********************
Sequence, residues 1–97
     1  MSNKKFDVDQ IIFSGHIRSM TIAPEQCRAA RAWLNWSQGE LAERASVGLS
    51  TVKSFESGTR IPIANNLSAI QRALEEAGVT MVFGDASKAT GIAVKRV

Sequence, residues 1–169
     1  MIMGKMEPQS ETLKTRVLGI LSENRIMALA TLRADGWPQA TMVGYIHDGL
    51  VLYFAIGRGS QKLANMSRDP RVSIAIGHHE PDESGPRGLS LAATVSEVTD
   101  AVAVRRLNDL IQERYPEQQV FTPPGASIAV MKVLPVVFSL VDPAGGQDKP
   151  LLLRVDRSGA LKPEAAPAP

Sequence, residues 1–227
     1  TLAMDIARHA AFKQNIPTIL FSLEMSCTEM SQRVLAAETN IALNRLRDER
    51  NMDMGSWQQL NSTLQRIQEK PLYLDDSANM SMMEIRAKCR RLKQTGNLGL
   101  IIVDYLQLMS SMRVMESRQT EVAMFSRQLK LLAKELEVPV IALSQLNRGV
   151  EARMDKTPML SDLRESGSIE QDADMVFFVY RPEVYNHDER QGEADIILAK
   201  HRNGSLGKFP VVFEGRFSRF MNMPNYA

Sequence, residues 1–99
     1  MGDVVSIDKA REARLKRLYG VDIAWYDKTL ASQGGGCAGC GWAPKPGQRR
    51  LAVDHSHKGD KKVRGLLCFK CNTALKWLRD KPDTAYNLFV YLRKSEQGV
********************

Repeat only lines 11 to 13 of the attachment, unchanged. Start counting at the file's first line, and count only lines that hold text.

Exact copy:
    51  NMDMGSWQQL NSTLQRIQEK PLYLDDSANM SMMEIRAKCR RLKQTGNLGL
   101  IIVDYLQLMS SMRVMESRQT EVAMFSRQLK LLAKELEVPV IALSQLNRGV
   151  EARMDKTPML SDLRESGSIE QDADMVFFVY RPEVYNHDER QGEADIILAK